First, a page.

What’s the difference between Production Insurance and Professional Indemnity Insurance?

If you ever have to make a claim the most gut wrenching response you can get from your insurer is that you don’t have the correct cover. When you pay lots of money for insurance it’s infuriating if it doesn’t help you when you need it most. That’s why it’s so important to make sure you have the right cover for you.

Two Insurance policies that appear to be quite similar are Production Insurance and Professional Indemnity Insurance. They couldn’t be more different! So what’s the difference between them?

Professional Indemnity Insurance

Professional indemnity Insurance is traditionally for claims resulting from you, your employees or freelancers negligence. Typically, there needs to be evidence you have been negligent. Crucially for production companies, it also covers matters such as breach of intellectual property, copyright infringment, breach of confidentiality. This tends to be matters within your control.

Production Insurance

Production Insurance/re-shoot is for matters outside your control. For example, sometimes a memory card corrupts, a camera unexpectedly fails whilst on a shoot or a hard drive is damaged or stolen. These are matters outside of your control.

If you’re still uncertain and would like some advice, please get in touch with us and we’d be more than happy to discuss your options.

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Cover Types

We assemble a portfolio of advertising insurance policies that a modern TV Department or content creation department requires. Your cover may include:

  • Non-Appearance & Celebrity Death & Disgrace Insurance
  • All Risks Insurance (Props, Sets, Wardrobe and Film Negative in Post Production & Storage)
  • Public & Employer’s Liability Insurances including talent
  • Errors & Omissions/Professional Indemnity Insurance
  • Adverse Weather Insurance
  • Personal Accident Insurance
  • Film & TV Union Travel Insurance
  • Motor insurance for ‘Action’ vehicles
  • Cyber & Data insurance – specific cover to protect against GDPR infringement and cyber threats made against you by malicious third parties
  • Commercial Producers Indemnity Insurance for In-House Production Companies

We are also able to arrange bespoke insurance policies for the following types of media companies:

  • Post-Production companies
  • Equipment Hire companies
  • TV Production and other Film/Media related companies

Whilst we can ensure you’re covered for almost all situations, if there’s a risk unique to you, please contact us and we will try to devise an individual policy to meet your needs.


Commercial Producers Indemnity Insurance

Commercial Producers Insurance Policies go beyond simply insuring your production equipment and liability. A Commercial Producers Indemnity Policy will cover non-appearance of crew, talent, essential equipment, props, sets and wardrobe due to “Anything beyond your control”, this could include delays in arriving at shoots due to adverse weather conditions, wild-cat airline strikes, ash clouds etc.

A Commercial Producers Policy can be tailored for a particular shoot or production or purchased on an annual policy, the cover is flexible and protects the clients production activities from start to finish.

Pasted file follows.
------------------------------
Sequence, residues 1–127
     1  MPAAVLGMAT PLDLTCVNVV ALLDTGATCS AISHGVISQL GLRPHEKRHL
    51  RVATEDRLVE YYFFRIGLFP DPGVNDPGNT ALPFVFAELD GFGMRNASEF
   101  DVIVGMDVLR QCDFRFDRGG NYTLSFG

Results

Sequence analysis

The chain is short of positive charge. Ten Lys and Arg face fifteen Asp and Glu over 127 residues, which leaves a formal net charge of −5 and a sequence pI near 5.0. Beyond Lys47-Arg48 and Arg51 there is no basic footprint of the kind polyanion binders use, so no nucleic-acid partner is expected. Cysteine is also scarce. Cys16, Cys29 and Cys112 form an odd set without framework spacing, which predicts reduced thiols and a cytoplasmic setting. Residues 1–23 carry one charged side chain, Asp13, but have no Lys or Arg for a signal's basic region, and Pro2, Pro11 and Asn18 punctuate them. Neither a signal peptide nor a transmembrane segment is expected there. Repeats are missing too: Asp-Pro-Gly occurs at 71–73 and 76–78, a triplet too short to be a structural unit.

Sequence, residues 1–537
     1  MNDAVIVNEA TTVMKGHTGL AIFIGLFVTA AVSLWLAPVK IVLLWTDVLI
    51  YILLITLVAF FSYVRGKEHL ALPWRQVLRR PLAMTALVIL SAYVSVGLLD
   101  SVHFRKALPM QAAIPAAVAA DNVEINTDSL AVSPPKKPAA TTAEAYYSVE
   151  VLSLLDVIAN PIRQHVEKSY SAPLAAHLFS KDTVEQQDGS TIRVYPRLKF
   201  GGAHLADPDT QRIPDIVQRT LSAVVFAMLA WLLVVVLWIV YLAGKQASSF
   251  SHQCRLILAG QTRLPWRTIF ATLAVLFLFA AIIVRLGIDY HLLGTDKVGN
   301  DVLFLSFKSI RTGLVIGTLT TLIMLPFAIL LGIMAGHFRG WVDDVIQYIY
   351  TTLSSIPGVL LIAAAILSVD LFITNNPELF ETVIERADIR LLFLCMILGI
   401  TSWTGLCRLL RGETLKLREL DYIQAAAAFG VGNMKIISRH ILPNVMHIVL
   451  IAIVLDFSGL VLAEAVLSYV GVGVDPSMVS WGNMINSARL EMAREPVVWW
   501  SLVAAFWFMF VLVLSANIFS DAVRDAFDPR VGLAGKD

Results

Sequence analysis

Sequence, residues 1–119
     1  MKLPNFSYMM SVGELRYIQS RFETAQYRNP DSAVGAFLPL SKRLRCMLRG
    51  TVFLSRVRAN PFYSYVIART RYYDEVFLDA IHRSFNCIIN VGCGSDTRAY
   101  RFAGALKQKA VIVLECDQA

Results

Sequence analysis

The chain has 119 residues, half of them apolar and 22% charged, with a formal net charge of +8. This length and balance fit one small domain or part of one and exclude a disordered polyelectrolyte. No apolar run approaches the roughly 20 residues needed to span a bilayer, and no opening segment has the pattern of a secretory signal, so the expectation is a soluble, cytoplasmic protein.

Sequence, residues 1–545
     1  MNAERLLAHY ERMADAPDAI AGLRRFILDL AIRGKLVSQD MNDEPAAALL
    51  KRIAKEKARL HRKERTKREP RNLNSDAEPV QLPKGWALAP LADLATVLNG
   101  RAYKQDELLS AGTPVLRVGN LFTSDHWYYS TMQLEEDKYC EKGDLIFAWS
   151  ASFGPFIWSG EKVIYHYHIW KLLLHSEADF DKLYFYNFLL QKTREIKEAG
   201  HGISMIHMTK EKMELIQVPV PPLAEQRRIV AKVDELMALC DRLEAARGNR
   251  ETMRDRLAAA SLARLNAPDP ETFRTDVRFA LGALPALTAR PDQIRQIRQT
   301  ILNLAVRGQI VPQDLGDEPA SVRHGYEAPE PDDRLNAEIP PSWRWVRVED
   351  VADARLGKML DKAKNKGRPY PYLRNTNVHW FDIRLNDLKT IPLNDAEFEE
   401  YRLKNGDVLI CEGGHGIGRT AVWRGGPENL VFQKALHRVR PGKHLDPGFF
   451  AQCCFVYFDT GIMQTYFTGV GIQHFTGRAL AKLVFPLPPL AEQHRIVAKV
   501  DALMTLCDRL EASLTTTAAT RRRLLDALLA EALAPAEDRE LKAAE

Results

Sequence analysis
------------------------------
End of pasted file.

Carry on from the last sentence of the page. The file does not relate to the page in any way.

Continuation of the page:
Why would you need Commercial Producers insurance?

• If you are a production company working to contracts approved by the Advertising Producers’ Association and the Institute of Practitioners in Advertising, you will need a Commercial Producers Insurance Policy to meet your contractual requirements
• Timings for commercial production is often down to the wire and any delays can result in hefty expenses
• Equipment and key personnel are expensive assets and need to be protected should theft, damage, illness or injury occur

What is covered under a Commercial Producers Insurance Policy?

• Property (including theft, accidental damage and breakdown of equipment)
• Cast – Cost to reshoot following loss of anyone essential to the shoot in your budget due to Death, Accident or Sickness
• Production Media
• Extra Expenses – Cost to reshoot following loss of or damage to essential equipment, props or location.
• Third party property damage
• Public liability

Commercial Producers Insurance will give you peace of mind that the shoot is covered from the outset of the policy, (even before filming has commenced) all the way through to completion of post-production.

Hollywood’s “Disgrace Insurance” On The Rise To Cover Productions’ Sins And Losses

For TV producers who lose their shows because their stars are racist trolls zonked out on Ambien, they have insurance for that now. It’s called “disgrace insurance,” and it covers production losses due to a wide range of disgraceful and illegal behavior by members of the cast and crew.

The ins and outs of disgrace insurance was the subject of a panel discussion today at the PGA’s 10th annual Produced By Conference, which is being held on the Paramount lot.

Bob Jellen, managing director of HUB Entertainment Insurance and the guru of disgrace insurance policies, said he’s written more than 4,000 of them, but noted that they’ve only been invoked five or six times. They cover loses due to sexual harassment, assault, drug arrests and even murder by a cast and crew member.

He noted, however, that Rosanne Barr’s Twitter meltdown that caused ABC to cancel her hit series Roseanne probably wouldn’t be covered because her known propensity for making outrageous statements would have made it unlikely that any insurer would have offered the coverage.

Kevin Spacey’s firing on All the Money in the World because of sexual assault allegations probably also wasn’t covered because few feature films ever obtain disgrace insurance. Still, the producers of House of Cards might have a valid claim if they had the policy.

“Because of the #MeToo movement,” Jellen said, “we’re seeing a lot more claims coming in.”